The American College of Radiology (ACR) recently announced a partnership with the Medical Image Computing and Computer Assistance Intervention (MICCAI) Society to develop artificial intelligence (AI) algorithms focused on radiologists’ clinical needs.
Bibb Allen Jr., MD, chief medical officer with ACR’s Data Science Institute (DSI) talked with HealthImaging about focusing MICCAI's artificial intelligence (AI) challenges on radiologists' clinical needs and reshaping how algorithms are created, verified and implemented.
HealthImaging: What was the thinking behind this partnership?
Bibb Allen Jr.: Being involved with MICCAI gives us an opportunity to affiliate with developer groups. The collaboration came when their leadership mentioned many of their developers were interested in getting involved with healthcare AI—imaging in particular.
MICCAI typically puts on a number of AI challenges at their annual meeting, but many do not have an immediate and direct application to healthcare. We are going to work with them on building some of these challenges around AI use cases that will be applicable to radiologists.
The idea is if challenges are built on use cases, this will provide proof-of-concept and allow the winners to advance the commercialization of their product for clinical integration and pre-market review from ACR, and we can give it to the FDA and monitor the algorithm in global practice.
In a recent JACR editorial, you wrote many developers are working with single radiologists at individual institutions to create specific AI algorithms. Why is that not the best method? How would you like it to change?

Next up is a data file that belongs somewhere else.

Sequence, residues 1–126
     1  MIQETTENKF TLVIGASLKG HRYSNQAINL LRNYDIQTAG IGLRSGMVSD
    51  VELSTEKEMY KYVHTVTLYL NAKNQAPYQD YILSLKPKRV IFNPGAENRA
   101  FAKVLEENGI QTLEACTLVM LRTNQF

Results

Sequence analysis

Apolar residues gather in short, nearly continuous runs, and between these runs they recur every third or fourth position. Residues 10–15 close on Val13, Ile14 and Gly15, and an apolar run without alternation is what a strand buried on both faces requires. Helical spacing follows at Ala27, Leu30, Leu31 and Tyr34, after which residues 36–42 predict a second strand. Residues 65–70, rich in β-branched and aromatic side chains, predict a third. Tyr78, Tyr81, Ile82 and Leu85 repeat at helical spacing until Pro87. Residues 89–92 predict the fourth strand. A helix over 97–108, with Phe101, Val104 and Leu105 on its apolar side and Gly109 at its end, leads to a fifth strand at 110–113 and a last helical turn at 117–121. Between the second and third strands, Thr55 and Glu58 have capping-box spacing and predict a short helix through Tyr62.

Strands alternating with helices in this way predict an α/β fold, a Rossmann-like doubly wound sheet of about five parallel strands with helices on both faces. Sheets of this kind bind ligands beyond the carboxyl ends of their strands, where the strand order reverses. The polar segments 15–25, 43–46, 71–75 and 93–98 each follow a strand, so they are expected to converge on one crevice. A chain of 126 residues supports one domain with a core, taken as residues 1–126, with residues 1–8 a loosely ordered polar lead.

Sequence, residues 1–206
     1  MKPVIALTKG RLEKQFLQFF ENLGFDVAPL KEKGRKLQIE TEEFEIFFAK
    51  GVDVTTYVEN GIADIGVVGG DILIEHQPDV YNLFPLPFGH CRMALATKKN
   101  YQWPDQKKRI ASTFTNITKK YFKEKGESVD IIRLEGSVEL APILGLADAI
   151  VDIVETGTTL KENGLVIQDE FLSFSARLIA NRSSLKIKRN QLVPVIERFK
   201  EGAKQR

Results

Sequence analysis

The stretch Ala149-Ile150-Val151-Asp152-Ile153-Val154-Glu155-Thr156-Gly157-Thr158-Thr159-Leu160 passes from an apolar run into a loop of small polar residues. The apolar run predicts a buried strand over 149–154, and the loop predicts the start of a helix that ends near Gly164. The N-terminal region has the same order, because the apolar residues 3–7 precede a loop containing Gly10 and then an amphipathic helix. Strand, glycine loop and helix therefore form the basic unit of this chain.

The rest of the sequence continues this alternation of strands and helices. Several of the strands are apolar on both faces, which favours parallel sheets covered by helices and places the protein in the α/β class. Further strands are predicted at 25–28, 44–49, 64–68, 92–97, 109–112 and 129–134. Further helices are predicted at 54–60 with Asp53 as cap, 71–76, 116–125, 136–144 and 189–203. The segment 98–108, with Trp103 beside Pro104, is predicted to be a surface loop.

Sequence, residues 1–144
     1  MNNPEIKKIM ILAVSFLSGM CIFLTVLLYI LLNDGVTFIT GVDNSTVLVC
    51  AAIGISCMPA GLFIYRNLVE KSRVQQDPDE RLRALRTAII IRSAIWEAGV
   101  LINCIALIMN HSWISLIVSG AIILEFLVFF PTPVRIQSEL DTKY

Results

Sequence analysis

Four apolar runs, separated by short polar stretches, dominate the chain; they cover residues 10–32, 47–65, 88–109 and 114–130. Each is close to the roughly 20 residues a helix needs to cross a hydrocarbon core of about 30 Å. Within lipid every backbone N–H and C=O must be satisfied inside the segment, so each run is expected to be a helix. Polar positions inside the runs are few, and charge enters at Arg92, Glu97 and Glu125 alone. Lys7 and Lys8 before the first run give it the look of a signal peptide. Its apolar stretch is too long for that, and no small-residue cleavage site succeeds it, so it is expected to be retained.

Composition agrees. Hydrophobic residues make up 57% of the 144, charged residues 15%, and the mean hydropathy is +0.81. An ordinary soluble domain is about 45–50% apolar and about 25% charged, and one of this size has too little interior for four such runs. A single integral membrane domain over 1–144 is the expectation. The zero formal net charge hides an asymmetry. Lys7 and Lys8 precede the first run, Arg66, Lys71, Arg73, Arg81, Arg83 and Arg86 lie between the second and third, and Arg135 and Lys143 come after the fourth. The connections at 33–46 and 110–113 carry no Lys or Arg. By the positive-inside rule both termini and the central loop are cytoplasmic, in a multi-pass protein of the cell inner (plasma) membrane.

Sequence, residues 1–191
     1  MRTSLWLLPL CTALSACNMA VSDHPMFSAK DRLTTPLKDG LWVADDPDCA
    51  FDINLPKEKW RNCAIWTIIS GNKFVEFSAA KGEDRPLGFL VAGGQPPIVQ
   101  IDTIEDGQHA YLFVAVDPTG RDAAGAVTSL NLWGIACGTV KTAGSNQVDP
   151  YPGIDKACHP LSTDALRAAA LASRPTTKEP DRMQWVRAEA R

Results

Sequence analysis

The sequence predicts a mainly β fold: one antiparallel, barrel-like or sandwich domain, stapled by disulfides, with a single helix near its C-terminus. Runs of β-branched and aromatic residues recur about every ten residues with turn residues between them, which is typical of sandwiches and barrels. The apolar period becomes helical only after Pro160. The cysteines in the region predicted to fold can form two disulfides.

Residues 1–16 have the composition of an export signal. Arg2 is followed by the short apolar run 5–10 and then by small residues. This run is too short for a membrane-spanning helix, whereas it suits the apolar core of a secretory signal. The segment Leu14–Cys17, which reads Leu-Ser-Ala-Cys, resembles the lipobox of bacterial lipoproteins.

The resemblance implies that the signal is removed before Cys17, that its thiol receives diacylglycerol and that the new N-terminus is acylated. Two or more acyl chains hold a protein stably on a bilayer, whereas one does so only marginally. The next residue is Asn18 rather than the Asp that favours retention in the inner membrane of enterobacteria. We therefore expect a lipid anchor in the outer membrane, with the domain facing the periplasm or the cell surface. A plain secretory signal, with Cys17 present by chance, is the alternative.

If a developer works with a single institution, what we see happening is they’re using that institution’s clinical data—which is typically done with the same protocol and scanners. The algorithm is trained on that data and verified on cases held back from the same data. Implementation is designed to meet a specific need of the institution, which may work perfect there, but will that be generalizable to the rest of the country or world?
We think creating distributed ways to train algorithms, using datasets from multiple institutions and creating a certification process based on the data of multiple institutions is a better way to assure algorithms will be safe and effective in clinical practice.
Developing an algorithm for the specific needs of an institution and its patients seems like a good approach. Why is a broader approach better?
It depends, right? I think locally, institutions may want to develop their own algorithms to solve their own needs. A health system may want a business-analytics algorithm to do certain things for the system. But when the clinical problem is early detection of stroke or classification of lung nodules, these are the types of issues that are important for radiologists all over the country. Developing structured ways to do these will be far superior than having a bunch of one-offs.
In the JACR article, you mentioned prioritizing use cases as a challenge for AI. Can you expand on that and how it will be addressed?
Developers are out there building use cases, and how they learn is based on individual health systems or academic departments. The priority there is what is needed in Birmingham or Johns Hopkins. It’s not about the needs of the broader community. By developing data science panels populated by radiologists they can develop use cases with a much broader lens.
For instance, there was a challenge a year ago around lung cancer detection. The idea was to determine who had cancer and who didn’t. The winners produced an algorithm which provided information such as ‘this person has an 85 percent chance of lung cancer, and this nodule has a 15 percent chance of being cancer.’ Output like that isn’t very useful to a radiologist, because in those two scenarios we’d probably recommend a biopsy anyway. We think having radiologists design use cases will be more effective for helping the developer get their product to market which is ultimately what they’re trying to do.